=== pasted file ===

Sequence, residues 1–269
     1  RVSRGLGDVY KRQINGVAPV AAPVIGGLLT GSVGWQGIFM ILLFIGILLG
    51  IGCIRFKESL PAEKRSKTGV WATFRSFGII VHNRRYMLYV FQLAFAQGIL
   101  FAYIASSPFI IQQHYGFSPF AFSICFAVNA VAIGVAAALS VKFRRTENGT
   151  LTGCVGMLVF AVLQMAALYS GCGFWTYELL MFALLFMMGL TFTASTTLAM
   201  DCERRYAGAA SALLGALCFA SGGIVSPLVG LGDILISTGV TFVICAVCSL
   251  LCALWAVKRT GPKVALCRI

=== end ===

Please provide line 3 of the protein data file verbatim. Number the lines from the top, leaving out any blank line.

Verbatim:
    51  IGCIRFKESL PAEKRSKTGV WATFRSFGII VHNRRYMLYV FQLAFAQGIL